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Southport Reporter® covering the news on Merseyside.

Date:- 06 March 2006

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To Kill a Mockingbird’ tops librarian poll

OF ALL the books ever written, the one that tops the list of ‘must reads’ is To Kill a Mockingbird by Harper Lee according to the nation’s librarians. The results of the Museums, Libraries and Archives Council’s (MLA) survey© of librarians coincides with World Book Day on 2 March, when everyone in the country is encouraged to read more books.

In answer to the question ‘Which book should every adult read before they die?’ the librarian survey received an eclectic response with nominations varying from the Bible (the 2nd most recommended book) to the Karma Sutra. Following JRR Tolkien’s The Lord of the Rings trilogy in 3rd place the classics dominated. Favourites included Charlotte Bronté’s Jane Eyre, George Orwell’s 1984, Charles Dickens’ A Christmas Carol and Jane Austen’s Pride and Prejudice. Surprisingly however, Dan Brown’s Da Vinci Code received only 1 nomination, despite being a bestseller in the bookshops.

In this classic tale by Harper Lee, a black man is charged with the rape of a white girl. Through the young eyes of Scout and Jem Finch, Harper Lee explores with energetic humour the irrationality of adult attitudes to race and class in the Deep South of the 1930's.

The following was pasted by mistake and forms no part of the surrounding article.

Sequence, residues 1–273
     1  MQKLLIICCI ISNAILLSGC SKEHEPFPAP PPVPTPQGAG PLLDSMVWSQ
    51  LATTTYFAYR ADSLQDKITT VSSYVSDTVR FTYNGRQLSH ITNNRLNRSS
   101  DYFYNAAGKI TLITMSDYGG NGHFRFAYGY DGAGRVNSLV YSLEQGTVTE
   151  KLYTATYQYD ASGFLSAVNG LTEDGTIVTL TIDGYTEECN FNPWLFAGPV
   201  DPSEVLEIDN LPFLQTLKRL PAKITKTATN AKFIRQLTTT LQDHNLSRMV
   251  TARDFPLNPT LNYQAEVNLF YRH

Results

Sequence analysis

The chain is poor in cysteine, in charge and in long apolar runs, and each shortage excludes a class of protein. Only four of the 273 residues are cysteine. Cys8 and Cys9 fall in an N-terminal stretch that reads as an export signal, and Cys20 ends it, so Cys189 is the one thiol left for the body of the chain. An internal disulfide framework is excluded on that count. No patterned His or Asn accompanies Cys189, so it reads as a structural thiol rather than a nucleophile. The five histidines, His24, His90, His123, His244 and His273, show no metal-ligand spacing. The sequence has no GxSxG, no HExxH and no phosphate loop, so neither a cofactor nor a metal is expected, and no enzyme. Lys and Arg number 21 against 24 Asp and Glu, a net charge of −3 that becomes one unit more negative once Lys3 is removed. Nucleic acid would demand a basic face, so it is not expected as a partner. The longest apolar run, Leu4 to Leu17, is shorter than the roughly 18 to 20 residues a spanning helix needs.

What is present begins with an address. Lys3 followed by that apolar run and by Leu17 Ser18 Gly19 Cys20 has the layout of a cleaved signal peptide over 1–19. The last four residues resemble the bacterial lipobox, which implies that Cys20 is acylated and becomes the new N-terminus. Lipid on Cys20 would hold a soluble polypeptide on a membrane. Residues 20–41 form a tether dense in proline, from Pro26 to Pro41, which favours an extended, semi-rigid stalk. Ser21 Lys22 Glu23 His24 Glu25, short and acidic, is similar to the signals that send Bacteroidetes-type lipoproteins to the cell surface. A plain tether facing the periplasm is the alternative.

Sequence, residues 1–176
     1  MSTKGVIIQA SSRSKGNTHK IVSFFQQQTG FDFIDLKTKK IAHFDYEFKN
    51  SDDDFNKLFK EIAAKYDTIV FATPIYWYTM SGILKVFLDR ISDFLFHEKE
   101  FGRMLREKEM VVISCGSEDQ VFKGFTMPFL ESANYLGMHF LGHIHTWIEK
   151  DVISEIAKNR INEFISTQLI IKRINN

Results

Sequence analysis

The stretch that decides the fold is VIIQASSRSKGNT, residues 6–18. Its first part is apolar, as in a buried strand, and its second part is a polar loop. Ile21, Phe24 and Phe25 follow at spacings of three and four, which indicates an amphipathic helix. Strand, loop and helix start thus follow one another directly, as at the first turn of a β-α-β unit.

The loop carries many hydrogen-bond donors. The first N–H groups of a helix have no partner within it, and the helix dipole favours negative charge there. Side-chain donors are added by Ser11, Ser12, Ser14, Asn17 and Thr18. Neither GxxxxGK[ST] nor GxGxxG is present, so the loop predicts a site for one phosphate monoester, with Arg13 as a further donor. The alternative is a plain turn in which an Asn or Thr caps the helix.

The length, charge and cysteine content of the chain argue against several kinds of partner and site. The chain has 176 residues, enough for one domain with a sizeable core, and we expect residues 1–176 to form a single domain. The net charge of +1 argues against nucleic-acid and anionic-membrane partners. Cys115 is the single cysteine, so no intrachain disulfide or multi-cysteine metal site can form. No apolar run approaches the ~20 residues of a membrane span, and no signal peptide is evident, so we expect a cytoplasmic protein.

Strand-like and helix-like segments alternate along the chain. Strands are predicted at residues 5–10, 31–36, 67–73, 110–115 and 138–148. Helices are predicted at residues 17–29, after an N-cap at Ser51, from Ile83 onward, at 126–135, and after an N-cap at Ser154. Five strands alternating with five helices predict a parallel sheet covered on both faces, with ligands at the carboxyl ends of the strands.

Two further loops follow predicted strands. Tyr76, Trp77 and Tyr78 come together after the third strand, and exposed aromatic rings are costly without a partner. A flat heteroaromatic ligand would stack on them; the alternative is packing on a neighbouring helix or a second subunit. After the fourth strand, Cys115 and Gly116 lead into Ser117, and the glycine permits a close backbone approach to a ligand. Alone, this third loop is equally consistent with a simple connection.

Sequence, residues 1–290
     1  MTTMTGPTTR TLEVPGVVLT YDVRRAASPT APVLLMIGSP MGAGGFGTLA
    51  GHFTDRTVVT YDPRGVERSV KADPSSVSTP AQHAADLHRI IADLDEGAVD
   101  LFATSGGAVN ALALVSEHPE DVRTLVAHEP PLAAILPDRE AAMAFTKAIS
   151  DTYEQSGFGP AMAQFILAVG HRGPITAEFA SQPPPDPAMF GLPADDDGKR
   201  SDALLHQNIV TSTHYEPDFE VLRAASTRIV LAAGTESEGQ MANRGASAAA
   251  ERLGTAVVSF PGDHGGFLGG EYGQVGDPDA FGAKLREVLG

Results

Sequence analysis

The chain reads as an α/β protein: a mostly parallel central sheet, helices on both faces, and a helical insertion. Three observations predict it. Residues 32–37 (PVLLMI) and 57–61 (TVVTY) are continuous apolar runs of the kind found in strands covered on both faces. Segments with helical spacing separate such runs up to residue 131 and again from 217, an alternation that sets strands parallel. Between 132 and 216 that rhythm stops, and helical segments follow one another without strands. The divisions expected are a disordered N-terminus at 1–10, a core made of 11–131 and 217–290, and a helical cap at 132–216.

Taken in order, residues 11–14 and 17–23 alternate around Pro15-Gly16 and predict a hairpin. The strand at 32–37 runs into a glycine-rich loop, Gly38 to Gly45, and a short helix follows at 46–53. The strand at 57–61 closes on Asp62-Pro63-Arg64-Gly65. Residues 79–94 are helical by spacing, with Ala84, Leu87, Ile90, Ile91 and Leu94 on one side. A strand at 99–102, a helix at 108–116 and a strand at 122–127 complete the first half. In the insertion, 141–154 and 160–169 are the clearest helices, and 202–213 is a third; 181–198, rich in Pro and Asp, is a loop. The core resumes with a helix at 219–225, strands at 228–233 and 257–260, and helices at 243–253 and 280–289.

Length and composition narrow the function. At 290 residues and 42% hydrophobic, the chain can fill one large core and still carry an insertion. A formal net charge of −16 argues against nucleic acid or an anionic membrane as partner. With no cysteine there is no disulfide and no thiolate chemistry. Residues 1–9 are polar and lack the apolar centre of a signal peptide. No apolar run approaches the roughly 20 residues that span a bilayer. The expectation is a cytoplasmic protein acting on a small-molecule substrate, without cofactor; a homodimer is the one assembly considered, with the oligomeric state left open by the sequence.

Diana Ashcroft, a librarian at Trafford Libraries voted for To Kill a Mockingbird. She commented:- “This book has all the factors of a great read. It is touching and funny but has a serious message about prejudice, fighting for justice and coming of age. I read it years ago at school and have since re-read it many times and each time I see something different as it has many layers and topics for conversation.”

Mark Wood, Chairman of MLA commented on the results:- “World Book Day is the perfect time to rediscover libraries as they can open up whole new worlds and capture our imagination. While many of the nominations were classics which have stood the test of time, it was interesting to note which of the newer titles are also making their mark among librarians. This goes to show that if you are stuck for something to read, you should ask a librarian.”

Although the newer titles received fewer nominations in this survey, Mark Haddon’s The Curious Incident of the Dog in the Night-time, Alice Sebold’s The Lovely Bones and Audrey Niffenegger’s The Time Traveler’s Wife all featured in the top 30, and so could potentially climb the poll to become top recommendations and classics of the future.

World Book Day is the biggest annual event supporting books and reading in the UK and Ireland and the emphasis for 2006 is celebration. Schools, libraries, bookshops and other venues are being encouraged to hold even more book related events, activities and parties than in previous years!

Have your say... Which is the best National Lottery funded project in the North West?